Edited by robirdstx (log)
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Beebs   
4 hours ago, rotuts said:

for me , most meat does not do that well in the iPot.

 

ground meat in a sauce   and baby back ribs are exceptions 

 

 

That's disappointing! Getting beef chuck & pork shoulders done faster is one of my major reasons for buying the IP.  

 

Someone's probably already mentioned it in an older post - but how does it work out for pressure cooking for a shorter amount of time, then switching to slow cook? How would it compare to traditional braising methods in terms of taste & cooking time? I have nothing against slow cooking, of course.

 

Alas, my IP is still in its virgin state....

 

 

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14 minutes ago, Beebs said:

That's disappointing! Getting beef chuck & pork shoulders done faster is one of my major reasons for buying the IP.  

 

I've had good success cooking pork shoulder in the IP for pulled pork.  I use this method for Kalua Pig, 75 min high pressure, 15 min slow release.  I skip the cabbage.  Seasonings are just garlic and smoked salt.  Sometimes a dash of Liquid Smoke in the water.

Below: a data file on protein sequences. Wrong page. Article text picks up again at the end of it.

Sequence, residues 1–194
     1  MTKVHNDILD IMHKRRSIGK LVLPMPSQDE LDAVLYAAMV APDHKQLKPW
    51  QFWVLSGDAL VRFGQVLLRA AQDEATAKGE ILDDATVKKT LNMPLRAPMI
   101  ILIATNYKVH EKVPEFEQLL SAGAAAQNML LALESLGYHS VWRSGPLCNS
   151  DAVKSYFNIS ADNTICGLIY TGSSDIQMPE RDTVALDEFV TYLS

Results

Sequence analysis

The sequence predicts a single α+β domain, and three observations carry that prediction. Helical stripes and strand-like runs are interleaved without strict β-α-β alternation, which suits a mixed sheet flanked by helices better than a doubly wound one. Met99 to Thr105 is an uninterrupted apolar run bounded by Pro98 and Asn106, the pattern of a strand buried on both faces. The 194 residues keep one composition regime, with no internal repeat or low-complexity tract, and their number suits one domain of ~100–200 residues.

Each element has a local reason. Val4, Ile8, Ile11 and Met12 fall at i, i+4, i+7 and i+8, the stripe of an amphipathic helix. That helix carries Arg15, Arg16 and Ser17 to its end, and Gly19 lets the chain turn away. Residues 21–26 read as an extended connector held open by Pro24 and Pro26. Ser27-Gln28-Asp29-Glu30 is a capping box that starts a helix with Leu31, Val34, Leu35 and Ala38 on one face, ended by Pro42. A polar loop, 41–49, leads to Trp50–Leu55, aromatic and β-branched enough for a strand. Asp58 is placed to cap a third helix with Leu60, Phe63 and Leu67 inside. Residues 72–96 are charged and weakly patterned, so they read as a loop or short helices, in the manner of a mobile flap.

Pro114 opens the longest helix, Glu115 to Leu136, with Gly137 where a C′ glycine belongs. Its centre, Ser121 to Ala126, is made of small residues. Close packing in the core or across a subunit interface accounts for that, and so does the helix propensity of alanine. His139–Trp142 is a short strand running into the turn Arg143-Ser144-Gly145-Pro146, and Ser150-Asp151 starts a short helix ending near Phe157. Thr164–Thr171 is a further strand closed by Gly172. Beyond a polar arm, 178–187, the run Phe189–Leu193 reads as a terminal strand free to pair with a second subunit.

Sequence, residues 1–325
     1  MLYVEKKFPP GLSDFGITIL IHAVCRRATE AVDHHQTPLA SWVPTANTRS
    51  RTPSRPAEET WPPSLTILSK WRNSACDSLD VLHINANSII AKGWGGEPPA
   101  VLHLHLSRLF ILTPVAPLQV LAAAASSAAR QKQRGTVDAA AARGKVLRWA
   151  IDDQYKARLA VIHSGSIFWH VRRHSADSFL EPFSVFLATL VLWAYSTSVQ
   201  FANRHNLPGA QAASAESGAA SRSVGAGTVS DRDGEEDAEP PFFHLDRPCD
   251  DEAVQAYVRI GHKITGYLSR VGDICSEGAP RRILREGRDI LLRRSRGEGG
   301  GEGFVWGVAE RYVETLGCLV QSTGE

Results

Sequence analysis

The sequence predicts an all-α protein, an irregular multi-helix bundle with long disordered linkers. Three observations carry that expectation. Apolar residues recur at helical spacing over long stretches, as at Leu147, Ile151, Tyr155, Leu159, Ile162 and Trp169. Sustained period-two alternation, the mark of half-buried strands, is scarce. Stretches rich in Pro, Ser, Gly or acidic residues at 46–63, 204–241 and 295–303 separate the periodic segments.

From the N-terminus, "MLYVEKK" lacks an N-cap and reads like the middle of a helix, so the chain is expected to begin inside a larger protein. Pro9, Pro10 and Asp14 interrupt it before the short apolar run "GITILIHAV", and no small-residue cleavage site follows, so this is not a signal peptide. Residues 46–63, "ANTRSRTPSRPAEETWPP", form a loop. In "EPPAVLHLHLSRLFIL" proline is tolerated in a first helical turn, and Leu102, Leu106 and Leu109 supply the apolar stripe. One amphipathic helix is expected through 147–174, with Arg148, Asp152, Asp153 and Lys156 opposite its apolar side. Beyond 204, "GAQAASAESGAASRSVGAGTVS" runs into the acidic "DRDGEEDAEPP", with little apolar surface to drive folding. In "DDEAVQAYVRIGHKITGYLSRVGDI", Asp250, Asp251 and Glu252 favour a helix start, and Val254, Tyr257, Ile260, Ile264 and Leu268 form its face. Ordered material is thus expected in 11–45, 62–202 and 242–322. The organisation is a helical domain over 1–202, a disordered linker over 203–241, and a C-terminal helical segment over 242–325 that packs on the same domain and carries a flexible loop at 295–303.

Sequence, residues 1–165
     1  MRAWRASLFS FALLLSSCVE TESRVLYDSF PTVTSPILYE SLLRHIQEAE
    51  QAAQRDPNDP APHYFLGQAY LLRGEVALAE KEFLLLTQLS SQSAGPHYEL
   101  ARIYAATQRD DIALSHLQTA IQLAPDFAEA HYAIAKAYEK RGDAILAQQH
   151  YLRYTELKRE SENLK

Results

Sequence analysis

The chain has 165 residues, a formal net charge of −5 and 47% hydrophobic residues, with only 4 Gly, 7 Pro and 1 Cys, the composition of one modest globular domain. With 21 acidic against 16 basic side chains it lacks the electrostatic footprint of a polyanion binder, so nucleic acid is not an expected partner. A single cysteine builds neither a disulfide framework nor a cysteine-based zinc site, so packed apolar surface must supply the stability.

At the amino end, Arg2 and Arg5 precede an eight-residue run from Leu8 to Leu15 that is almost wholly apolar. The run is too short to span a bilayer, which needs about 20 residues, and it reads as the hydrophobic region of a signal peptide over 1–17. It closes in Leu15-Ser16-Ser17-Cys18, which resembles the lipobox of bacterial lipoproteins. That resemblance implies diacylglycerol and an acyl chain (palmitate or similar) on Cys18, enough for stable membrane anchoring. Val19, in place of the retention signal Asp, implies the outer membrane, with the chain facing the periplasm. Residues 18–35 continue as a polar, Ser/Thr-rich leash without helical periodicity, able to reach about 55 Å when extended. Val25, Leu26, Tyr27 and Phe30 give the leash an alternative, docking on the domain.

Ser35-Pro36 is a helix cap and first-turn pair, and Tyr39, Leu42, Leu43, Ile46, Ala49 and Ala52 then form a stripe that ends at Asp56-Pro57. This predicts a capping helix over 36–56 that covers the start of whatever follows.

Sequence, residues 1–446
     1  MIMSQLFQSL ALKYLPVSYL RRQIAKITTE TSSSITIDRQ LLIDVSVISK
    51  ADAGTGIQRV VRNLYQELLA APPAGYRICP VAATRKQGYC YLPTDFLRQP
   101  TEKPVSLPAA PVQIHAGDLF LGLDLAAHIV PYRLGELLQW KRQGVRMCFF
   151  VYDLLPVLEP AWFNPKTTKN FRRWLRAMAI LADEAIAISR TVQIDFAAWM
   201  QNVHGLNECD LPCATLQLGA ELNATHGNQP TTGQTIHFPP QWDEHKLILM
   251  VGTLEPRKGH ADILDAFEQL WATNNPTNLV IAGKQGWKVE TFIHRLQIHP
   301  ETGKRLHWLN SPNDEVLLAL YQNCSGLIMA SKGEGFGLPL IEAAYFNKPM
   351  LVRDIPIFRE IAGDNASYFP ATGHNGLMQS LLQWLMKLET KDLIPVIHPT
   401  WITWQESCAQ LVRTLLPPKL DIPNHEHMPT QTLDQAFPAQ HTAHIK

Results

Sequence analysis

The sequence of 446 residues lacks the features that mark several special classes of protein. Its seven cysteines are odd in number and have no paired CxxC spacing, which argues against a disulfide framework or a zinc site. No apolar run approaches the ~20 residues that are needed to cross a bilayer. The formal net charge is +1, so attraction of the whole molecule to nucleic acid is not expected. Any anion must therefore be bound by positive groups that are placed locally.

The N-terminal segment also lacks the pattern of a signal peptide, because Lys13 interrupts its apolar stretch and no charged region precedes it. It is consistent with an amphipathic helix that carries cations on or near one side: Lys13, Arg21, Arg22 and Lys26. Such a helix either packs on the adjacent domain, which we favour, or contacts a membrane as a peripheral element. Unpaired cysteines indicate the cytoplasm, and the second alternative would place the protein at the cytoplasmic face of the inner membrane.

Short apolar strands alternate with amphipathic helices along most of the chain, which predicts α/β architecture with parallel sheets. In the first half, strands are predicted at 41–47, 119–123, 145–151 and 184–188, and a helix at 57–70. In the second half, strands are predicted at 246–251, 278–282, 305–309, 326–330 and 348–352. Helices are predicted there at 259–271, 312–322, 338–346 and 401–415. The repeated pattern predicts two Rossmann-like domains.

I've tried methods that use additional seasonings added to the pork in the IP but I prefer to have a big batch of meat that I can add different sauces in before serving.  Sometimes, I'll add some browning to a tray of sauced meat with a quick run under the broiler 


Edited by blue_dolphin (log)
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rotuts   

@Beebs

 

my point is pony that meat at these high temps  contract and the jusice and fat move out of the meat into the

 

"" broth ""    the meat itself then is dry.   but maybe for a braise it might suit you if you then let it sit in the juice over night

 

braise is always better the next day because of this.

 

there are better wye to cook meat where you leave the juice and fat in the meat initially.

 

the iP is still a fantastic unit for 

 

pressure steaming various vegetables , potatoes , beets  etc where all the flavor states in the veregables.

 

and for Soup

 

Id not look at PC or oven the iP as a way to cook everything quicker

 

many things :  you betcha.

 

 

 

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rotuts   

@Beebs 

 

take some time to discover the iP's strengths  

 

there are many

 

but don't look at it as Faster Cooking for everything. 

 

its not.

 

it can do 18 eggs pressure-steamed , then rabidly chilled to what ever ' doneness ' your like.

 

it can pressure-steam   ' hard ' vegetables   :  potatoes , beets , etc

 

very fast

 

then you cool them and use them in all sorts of things later.

 

Ive made  Turkey ( from fresh ground turkey ) ragu  easily 

 

many many times  then chilled and frozen.

 

the iP does not do everyting

 

but once you find  the things it excels at for you 

 

done!